Congress Wants To Make A National Monument For The St. Francis Dam Disaster

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St. Francis Dam in San Francisquito Canyon near Saugus was completed in 1926 and failed in 1928. It was part of the Owens Valley Aqueduct System. This post-failure photograph shows the stream of remaining water coming down from the dam. Only one center piece of the wall remains standing, both ends having been washed away. (Photo via Los Angeles Public Library Photo Collection)

Nearly a century after the 1928 St. Francis dam disaster— the second largest loss of life in California history, after the 1906 San Francisco earthquake—the U.S. House of Representatives voted unanimously to establish a national memorial and monument in honor of the hundreds of victims of the catastrophe. Congressman Steve Knight (R-Palmdale) authored the bill, and the Daily News reports that similar legislation may soon be introduced in the Senate. The memorial would be funded by private donations and would establish a 440-acre national monument administered by the National Park Service.

The catastrophic failure of the St. Francis Dam is considered by many to be the worst American civil engineering failure in the twentieth century. Located roughly 40 miles northwest of downtown and a few miles from where Magic Mountain now stands, the dam was built to store water (roughly a two year supply) for the booming city of Los Angeles. Spearheaded by legendary Los Angeles water czar William Mulholland and constructed between 1924 and 1926, the dam was to be an integral part of the Los Angeles Aqueduct system; instead, its failure decimated whole towns and demolished 1,200 homes, ultimately leading to the deaths of approximately 435 individuals. Though physically unhurt, Mulholland, who bore the brunt of the responsibility for the disaster, psychologically never recovered.

The dam, which was built to hold 12 billion gallons of water, stood nearly 200 feet tall, 700 feet long and covered 600 acres, according to Smithsonian Magazine.

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William Mulholland (Photo via Wikimedia Commons)
The dam is said to have leaked since it opened in 1926, but the trouble really began early on the morning of March 12, 1928, when dam keeper Tony Harnischfeger discovered a rather significant leak during a routine daily inspection of the dam. Mulholland arrived at the site by 10:30 a.m. that morning, but after further inspections he found nothing out of the ordinary, and pronounced the dam safe, at least for the time being. Unconcerned, he and his deputy Harvey Van Norman returned to Los Angeles, ate a late lunch, and went on with their day. A little more than twelve hours later, disaster would strike.

It was a few minutes before midnight on the windy night of the 12th when the dam gave way, unleashing a ten-story high avalanche of water that would violently destroy nearly everything in its wake for the next five-and-a-half hours, not stopping until it reached the Pacific Ocean just before daybreak. Harnischfeger, his girlfriend and their six-year-old son are believed to have been the first to perish. According to the Smithsonian, there are no first-hand accounts of the dam breaking; "anyone who did see it would presumably have been killed instantly." Residents of neighboring communities initially mistook the shaking for an earthquake, as the flood swept 6 miles down San Francisquito Canyon before reaching the much larger Santa Clara River, where it then turned through Castaic Junction, swept through the Santa Clarita River valley, and careeened through a Southern California Edison construction camp and drowning 84 of the 140 workers asleep before rampaging through Ventura County. By 1:09 a.m., the reservoir was essentially empty, unleashed further afield. Bodies would eventually be recovered from the ocean as far south as San Diego.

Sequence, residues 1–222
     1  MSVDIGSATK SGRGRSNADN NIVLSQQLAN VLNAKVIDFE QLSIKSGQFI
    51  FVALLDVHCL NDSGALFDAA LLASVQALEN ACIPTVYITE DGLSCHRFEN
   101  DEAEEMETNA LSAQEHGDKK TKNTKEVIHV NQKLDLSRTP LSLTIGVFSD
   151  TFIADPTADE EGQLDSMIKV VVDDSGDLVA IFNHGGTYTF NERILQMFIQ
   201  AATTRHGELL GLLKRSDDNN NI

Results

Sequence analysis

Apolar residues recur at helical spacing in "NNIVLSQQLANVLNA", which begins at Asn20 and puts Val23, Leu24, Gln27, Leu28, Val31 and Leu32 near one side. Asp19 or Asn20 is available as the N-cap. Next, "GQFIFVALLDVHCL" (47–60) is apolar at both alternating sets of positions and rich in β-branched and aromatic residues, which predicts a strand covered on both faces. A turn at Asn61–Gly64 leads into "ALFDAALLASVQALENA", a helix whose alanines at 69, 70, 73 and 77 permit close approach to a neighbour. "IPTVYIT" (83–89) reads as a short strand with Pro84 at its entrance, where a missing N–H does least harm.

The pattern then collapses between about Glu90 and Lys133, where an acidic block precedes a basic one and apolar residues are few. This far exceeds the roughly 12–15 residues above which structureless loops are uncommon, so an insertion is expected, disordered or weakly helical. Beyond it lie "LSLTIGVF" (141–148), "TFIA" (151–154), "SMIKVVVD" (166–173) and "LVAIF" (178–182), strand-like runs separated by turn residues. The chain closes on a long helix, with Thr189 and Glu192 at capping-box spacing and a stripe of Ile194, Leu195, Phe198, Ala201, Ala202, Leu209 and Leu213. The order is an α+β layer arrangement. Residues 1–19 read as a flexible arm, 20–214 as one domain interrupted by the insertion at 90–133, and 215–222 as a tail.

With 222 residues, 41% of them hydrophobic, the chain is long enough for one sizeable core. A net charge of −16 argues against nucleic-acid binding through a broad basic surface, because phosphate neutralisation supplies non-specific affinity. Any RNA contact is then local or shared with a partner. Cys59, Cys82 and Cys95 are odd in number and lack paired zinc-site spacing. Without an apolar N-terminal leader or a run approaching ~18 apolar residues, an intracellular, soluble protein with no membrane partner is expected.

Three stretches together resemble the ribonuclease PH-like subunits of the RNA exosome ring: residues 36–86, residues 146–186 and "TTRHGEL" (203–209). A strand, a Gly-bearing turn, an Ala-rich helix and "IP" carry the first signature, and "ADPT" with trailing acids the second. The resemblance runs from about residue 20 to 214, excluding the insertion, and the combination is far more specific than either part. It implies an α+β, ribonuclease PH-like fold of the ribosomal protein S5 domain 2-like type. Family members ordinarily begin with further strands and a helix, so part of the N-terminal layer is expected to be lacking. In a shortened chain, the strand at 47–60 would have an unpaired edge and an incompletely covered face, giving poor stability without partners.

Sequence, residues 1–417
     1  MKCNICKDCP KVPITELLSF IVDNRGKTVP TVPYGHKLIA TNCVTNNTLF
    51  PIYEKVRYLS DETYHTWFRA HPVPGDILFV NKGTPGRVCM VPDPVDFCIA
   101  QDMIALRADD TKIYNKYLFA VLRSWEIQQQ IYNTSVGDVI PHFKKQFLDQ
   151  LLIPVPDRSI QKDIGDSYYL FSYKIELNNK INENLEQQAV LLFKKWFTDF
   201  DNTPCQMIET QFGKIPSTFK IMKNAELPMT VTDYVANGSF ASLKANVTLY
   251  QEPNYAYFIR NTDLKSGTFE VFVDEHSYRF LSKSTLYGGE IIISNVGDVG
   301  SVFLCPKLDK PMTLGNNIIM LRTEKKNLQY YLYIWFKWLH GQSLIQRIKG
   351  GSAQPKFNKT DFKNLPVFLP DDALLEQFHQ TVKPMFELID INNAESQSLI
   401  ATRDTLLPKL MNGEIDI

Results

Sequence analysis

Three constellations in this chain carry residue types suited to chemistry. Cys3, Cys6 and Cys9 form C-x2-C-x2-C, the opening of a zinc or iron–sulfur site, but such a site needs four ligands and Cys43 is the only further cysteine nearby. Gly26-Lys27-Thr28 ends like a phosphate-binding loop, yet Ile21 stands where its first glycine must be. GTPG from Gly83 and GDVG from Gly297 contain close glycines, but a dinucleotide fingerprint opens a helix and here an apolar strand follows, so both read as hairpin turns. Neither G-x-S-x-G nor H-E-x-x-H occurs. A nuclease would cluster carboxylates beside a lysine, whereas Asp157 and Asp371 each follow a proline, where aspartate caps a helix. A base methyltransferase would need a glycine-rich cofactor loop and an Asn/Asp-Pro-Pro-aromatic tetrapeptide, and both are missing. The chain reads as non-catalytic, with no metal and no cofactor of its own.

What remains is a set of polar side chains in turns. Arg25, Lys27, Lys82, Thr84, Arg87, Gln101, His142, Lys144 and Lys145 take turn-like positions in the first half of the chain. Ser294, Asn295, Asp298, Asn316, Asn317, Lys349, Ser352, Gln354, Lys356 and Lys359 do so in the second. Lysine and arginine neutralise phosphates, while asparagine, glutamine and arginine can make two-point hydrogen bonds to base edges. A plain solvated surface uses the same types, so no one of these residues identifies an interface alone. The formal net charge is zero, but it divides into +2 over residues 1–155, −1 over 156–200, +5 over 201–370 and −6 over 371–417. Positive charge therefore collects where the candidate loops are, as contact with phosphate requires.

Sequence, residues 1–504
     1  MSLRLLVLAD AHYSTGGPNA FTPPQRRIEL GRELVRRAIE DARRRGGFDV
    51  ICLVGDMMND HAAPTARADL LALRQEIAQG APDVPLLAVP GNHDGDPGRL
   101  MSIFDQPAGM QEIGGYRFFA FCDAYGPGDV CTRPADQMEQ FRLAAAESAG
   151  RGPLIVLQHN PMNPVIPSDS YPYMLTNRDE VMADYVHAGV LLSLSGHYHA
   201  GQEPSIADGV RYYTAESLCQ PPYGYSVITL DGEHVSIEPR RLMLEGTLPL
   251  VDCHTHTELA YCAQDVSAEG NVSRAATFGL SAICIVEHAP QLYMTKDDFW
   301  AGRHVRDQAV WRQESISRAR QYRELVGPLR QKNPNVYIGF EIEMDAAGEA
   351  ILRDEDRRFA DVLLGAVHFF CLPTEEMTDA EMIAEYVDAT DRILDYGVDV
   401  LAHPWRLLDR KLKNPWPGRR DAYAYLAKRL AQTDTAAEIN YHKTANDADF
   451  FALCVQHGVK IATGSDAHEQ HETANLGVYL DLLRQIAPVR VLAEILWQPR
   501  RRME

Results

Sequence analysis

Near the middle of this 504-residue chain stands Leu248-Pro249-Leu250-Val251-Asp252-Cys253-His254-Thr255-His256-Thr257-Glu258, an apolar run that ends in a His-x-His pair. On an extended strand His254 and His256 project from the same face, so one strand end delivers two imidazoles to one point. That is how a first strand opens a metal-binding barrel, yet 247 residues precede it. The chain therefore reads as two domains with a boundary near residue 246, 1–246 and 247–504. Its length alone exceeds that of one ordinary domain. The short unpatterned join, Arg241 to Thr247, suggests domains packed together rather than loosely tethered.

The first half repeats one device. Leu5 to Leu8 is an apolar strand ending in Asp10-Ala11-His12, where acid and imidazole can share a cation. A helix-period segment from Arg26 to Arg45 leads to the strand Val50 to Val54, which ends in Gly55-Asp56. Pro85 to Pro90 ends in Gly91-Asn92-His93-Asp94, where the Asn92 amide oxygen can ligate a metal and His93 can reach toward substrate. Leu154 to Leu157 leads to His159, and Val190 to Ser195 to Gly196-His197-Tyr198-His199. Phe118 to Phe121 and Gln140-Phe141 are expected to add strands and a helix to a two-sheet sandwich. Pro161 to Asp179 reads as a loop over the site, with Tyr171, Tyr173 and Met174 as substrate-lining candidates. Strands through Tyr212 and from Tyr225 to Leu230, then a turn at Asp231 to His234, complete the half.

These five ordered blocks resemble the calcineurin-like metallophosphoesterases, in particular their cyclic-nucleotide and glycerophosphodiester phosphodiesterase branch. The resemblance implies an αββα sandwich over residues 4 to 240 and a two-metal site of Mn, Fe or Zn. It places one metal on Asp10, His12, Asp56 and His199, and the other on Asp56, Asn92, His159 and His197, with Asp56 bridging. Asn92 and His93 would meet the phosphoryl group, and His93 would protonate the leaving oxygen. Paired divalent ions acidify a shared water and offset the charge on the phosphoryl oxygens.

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Houses piled against each other in the days after the flood as clean up crews are at work. (Photo via the U.S. Geological Survey)

As civic historian Laura Bliss wrote in CityLab last year, "there's been curiously little done on the part of Los Angeles County, or the city, or the LADWP, to memorialize the victims" over the years:

Except for some blocks of concrete and rebar and the scars of waterlines etched into the canyonside, there is no indication that the dam once massively stood there. There is a small, weathered plaque at a LADWP power station a little ways down the road, which designates the dam site as a California Historical Landmark, but you have to know where to look for it. There is no official memorial park. No major museum exhibits. No field trips for elementary schoolers. There have been songs about the disaster, but you've never heard them the way you've heard "Mrs. O'Leary's Cow." In one day, hundreds of people died for the water that gave the rest of the city life, yet they have no place in the collective memory of Los Angeles.

"Things have been swept under rug for so long," Alan Pollack, president of the Santa Clarita Historical Society, told Bliss. "It’s time to properly memorialize the victims properly." Pollack and his colleagues at the historical society have worked with Knight on the campaign for the memorial.

And what of William Mulholland, who was, in many ways, the father of our city as we know it today? He was cleared of any criminal wrongdoing, but remained forever haunted by the largest unnatural disaster in California history. The man once known as "The Chief" resigned in disgrace a few months after the dam failed, retiring into seclusion until his death in 1935. "Don't blame anyone else," he said. "Whatever fault there was on the job, put it on me."

"I envy the dead," he famously said at the coroners' inquest, as he watched grainy footage of the disaster through tears.